Written by Shala Hainer Wednesday, December 28 2011Snapshot: Dr. Sherry Blake, clinical psychologist
From professional athletes to entertainers to the average Joe, licensed clinical psychologist Dr. Sherry Blake focuses on empowering people to reach their goals. Currently counseling Grammy Award winner Toni Braxton and her family on WE TV's Braxton Family Values, Blake also owns and operates Touchstone Psychological Services in Atlanta.
Blake has been active in her community and in professional organizations. She has served as president of the Metropolitan Atlanta Mental Health Association and on the boards of numerous organizations, such as the Clayton County Mental Health Association. She is sought after for her expertise by major news network affiliates, radio stations, and cable news networks and provides information and life lessons on her website.
Adding author to her list of accomplishments, Blake recently released the book The Single Married Woman, which showcases true stories of women who feel alone in their marriages. Available on Amazon.com, the book breaks down and analyzes each story and offers Blake’s reflections, inspired by some of her own experiences. She picked the stories because they express issues and feelings familiar to many women trying to balance work, household duties, the kids, and time with their spouses. In the book's foreward, Braxton encourages readers to use the book as their “own personal, one-on-one session with Dr. Sherry.” She writes that many women “have fallen in love with the idea of marriage without considering the challenges it involves,” saying that Blake has helped her and other women understand relationship roles clearly.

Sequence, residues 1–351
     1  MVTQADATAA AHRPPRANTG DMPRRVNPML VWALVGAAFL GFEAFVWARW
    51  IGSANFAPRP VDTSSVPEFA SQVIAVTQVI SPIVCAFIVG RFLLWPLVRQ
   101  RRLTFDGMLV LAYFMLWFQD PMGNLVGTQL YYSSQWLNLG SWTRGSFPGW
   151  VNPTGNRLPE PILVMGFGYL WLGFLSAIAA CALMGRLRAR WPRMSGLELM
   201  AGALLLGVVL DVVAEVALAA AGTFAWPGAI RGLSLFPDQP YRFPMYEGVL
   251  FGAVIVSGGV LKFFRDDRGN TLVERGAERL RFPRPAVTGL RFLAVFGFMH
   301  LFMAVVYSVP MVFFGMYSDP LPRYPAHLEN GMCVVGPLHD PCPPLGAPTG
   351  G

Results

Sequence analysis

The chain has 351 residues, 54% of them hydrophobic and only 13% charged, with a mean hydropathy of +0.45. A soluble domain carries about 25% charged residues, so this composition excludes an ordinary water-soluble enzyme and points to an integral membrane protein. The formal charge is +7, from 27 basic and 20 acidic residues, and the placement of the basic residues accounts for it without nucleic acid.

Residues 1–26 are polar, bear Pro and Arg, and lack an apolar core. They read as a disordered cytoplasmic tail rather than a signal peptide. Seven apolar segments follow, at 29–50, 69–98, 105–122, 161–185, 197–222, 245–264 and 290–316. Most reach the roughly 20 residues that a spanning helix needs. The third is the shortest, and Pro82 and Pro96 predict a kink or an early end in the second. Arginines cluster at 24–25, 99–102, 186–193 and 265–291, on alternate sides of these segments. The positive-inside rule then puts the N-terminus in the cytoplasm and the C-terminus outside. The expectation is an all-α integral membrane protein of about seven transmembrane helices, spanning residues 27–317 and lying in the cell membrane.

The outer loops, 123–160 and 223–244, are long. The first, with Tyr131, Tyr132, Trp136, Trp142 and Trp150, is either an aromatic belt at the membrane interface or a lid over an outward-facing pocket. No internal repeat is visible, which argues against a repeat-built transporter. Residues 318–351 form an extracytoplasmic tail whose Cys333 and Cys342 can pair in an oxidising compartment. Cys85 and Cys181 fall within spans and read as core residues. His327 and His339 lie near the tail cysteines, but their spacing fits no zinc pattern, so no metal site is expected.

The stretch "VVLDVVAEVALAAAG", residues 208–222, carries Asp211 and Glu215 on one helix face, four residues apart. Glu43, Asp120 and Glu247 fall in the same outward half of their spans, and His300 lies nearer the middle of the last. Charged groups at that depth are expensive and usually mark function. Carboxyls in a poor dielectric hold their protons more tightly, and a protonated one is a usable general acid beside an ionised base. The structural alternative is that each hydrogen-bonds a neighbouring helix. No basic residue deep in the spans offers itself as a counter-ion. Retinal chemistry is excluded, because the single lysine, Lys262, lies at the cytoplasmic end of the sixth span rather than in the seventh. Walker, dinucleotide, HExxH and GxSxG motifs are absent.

Womenetics: Tell us about your book, The Single Married Woman.
Sherry Blake: The Single Married Woman is a book that inspires, empowers, and equips women to deal with their relationships without losing themselves or their voices. Women often play the role of everything from the loving wife, the nurturing mother, the personal call-girl, and the personal GPS for tracking all objects or clothing items. They find themselves doing so much for so many that they lose their sense of self. The book deals with real women with real issues and their coping styles. Rather than just talking about the problem, the book provides an analysis of the problem areas and solutions in the way of "tidbits." The book will have people laughing and crying as they see themselves and deal with issues around co-dependency, blended families, emotional and physical abuse, and many other areas.
Womenetics: What inspired you to write this book?
Blake: The concept of the book emerged years ago from my personal life when I was much younger, married with young children, and starting my career. I was overwhelmed and felt like a "single married woman.” I noticed in more than 20 years of working with women that there was a pattern with women trying to do so much for so many that they felt overwhelmed. The single married woman is a syndrome wherein women want to be married and usually love their husbands, but are not getting the support and their needs met in the relationship. Most mates will "help" when asked, but the frustration comes from the need to ask when it is obvious what needs to be done. I decided to write a book to help women empower themselves rather than continue to complain and feel helpless. In working with women, I discovered that the issues are apparent regardless if they are legally married or not.
Womenetics: In your book, what advice do you give women to help them find balance among work, home, and family?
Blake: First, they need to understand themselves and rank their priorities. As women, we often want it all and have been told that we can have it all. We can have it all, but maybe not on the level or in the manner we imagined or desire. Given that, I encourage women to take off their "superwoman cape," put it down, and slowly walk away.
Womenetics: Do you think finding that balance is more about educating women or men about how 21st century relationships must work?
Blake: It definitely starts with communication. Part of that communication involves educating one another about expectations in the relationship. Many people base their relationships on what they have seen in their parents or others. That may have worked for their parents or friends, but it definitely may not work for them. Each circumstance is different, and the relationship must adjust to the needs of the individual relationship.